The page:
The proposed DHS rule to safeguard CUI is internally inconsistent or at the very least ambiguous.
The proposed rule requires the contractor to maintain a DHS issued Authority to Operate for the covered information system.
The proposed rule specifies stringent incident reporting and potential credit monitoring for affected individuals.
First and foremost, the proposed Department of Homeland Security (DHS) regulation to safeguard CUI is internally inconsistent or at the very least ambiguous. It appears to conflate the protection of CUI on a federal contractor’s own internal information system with the protection of CUI on an information system operated by a contractor on behalf of DHS.
For example, the proposed rule provides that it is intended to protect CUI wherever it resides.1 As the proposed rule states, the new proposed contract clause, 48 CFR 3052.204-7x, must be included in solicitations where:
(1) Contractor and/or subcontractor employees will have access to CUI;
(2) CUI will be collected or maintained on behalf of the agency; or
(3) Federal information systems, which include contractor information systems operated on behalf of the agency, are used to collect, process, store, or transmit CUI.
Therefore, the new proposed contract clause requiring safeguarding of CUI would arguably apply to federal contractors that maintain CUI on their own information systems incidental to the performance of a DHS contract, in addition to those federal contractors that operate an information system on behalf of DHS that is used to collect, process, store or transmit CUI. The confusion arguably arises, in part, from the statement in the proposed rule that the proposed regulation applies to “any situation where a contractor and/or subcontractor employees may have access to CUI.” Clearly many contractors have access to CUI and maintain CUI on their own systems in order to perform a federal government contract.
Neither does the definition of a Federal Information System clearly segregate contractor responsibilities under the proposed contract clause. Federal Information System is defined as “an information system used or operated by an agency or by a contractor of an agency or by another organization on behalf of an agency.” This definition is broad enough to encompass a contractor’s information system. However, the clearest statement of what DHS intends may be footnote 5 in the proposed rule. This footnote acknowledges that NIST Special Publication (SP) 800-171 recommends safeguarding requirements to protect CUI on “nonfederal information systems”. The footnote continues to contrast the purpose of the current rulemaking: “the information system security requirements in this proposed rulemaking are focused on Federal information systems, which include contractor information systems operating on behalf of an agency.” However, the proposed rulemaking does not define “nonfederal information system”, nor clearly define a “federal information system.” In sum, the proposed rule and contract clause do not establish clear boundaries for the scope or application of the proposed safeguarding requirements.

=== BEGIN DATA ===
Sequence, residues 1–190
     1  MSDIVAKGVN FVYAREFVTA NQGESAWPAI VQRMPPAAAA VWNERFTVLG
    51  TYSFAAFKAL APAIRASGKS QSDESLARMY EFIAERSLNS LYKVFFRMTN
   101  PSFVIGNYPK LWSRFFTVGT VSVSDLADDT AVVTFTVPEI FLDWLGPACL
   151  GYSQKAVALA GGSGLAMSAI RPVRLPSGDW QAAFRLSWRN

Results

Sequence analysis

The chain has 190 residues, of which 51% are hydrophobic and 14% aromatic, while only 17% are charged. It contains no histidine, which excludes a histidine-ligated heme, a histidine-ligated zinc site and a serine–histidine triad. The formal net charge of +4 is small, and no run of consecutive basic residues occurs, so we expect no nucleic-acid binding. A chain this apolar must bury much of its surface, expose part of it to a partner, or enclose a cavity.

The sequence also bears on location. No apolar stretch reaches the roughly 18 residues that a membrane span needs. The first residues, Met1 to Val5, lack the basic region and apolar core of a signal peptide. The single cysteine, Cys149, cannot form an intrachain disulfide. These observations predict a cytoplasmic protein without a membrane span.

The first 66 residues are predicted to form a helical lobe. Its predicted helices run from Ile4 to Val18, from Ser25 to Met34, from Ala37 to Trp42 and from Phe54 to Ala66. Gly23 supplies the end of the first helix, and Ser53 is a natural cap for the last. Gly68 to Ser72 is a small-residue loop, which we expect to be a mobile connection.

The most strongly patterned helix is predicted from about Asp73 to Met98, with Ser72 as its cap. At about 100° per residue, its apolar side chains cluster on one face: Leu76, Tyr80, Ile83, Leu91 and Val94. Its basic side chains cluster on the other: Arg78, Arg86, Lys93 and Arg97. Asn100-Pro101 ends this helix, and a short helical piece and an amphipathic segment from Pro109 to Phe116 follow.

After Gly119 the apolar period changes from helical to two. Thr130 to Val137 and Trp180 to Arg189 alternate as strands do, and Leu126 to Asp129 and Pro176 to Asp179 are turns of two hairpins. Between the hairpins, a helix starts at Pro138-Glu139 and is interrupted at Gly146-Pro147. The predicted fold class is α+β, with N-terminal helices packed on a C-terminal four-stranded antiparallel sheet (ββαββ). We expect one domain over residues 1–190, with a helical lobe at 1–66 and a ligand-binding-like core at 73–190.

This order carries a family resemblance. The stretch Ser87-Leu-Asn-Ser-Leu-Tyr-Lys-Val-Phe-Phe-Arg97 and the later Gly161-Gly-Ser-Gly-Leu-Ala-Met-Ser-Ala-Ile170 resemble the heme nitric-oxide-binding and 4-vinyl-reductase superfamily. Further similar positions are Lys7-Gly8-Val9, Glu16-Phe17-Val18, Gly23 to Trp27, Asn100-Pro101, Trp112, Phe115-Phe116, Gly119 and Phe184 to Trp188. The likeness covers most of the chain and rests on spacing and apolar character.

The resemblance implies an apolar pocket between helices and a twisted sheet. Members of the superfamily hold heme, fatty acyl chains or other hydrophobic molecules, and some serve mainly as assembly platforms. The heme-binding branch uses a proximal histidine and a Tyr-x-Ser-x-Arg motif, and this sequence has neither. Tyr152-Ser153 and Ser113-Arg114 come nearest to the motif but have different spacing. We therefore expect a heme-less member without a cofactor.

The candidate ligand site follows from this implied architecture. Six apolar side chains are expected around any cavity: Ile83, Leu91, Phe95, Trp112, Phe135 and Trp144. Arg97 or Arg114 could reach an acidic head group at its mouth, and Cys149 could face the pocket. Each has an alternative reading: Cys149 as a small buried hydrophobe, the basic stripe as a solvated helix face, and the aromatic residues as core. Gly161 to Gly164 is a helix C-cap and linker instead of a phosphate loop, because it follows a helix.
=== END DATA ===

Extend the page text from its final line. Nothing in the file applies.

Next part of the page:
Significantly, clarity was in reach. While the proposed rule uses the same definition of Federal Information System that is used in the National Archives and Records Administration (NARA) agency-wide CUI regulation, 32 CFR 2002, one clarifying definition was omitted by DHS. The NARA CUI regulation provides that an information system operated “on behalf of an agency occurs when a non-executive branch entity uses or operates an information system or maintains or collects information for the purpose of processing, storing, or transmitting Federal information, and those activities are not incidental to providing a service or product to the Government.” (emphasis supplied). An even clearer boundary could have been established by defining a non-federal information system that maintains CUI in the same clear manner as the NARA CUI regulation. The NARA CUI regulation provides that “when a non-executive branch entity receives Federal information only incidental to providing a service or product to the Government other than processing services, its information systems are not considered Federal information systems. NIST SP 800-171 … defines the requirements necessary to protect CUI” on such non-federal systems.2 In sum, this type of clarifying language in the proposed rule, and within the proposed DHS contract clause, would have removed much of the lack of clarity in the proposed rule.